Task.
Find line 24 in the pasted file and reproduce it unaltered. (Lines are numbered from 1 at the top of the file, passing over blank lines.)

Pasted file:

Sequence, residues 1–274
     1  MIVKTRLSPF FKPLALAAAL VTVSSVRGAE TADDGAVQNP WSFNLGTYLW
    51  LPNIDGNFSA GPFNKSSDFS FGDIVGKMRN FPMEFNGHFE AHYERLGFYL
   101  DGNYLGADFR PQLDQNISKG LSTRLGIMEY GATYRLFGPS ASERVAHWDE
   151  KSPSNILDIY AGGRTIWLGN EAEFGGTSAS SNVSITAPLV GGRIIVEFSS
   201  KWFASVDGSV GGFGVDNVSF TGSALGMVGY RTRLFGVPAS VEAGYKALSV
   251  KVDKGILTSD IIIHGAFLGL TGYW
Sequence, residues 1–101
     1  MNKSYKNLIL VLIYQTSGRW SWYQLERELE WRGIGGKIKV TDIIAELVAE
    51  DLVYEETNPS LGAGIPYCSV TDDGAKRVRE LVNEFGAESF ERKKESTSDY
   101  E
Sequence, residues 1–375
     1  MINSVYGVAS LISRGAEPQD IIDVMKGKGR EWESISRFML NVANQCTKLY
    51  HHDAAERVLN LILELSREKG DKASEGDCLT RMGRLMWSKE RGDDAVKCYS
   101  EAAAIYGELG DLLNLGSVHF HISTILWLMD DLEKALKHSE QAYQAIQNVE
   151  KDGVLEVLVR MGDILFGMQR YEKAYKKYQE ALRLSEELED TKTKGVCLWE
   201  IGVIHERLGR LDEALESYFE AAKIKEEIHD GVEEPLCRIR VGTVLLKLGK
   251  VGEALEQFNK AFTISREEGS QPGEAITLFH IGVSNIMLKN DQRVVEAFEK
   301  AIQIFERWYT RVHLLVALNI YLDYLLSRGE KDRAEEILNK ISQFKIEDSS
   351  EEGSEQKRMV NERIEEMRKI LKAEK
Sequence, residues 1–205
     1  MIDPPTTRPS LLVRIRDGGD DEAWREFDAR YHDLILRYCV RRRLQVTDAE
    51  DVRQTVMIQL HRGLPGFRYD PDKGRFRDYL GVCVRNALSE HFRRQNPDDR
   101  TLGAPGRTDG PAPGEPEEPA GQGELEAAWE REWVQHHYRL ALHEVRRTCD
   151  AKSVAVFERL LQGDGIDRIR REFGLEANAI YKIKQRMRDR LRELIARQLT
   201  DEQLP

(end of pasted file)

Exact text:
   101  TLGAPGRTDG PAPGEPEEPA GQGELEAAWE REWVQHHYRL ALHEVRRTCD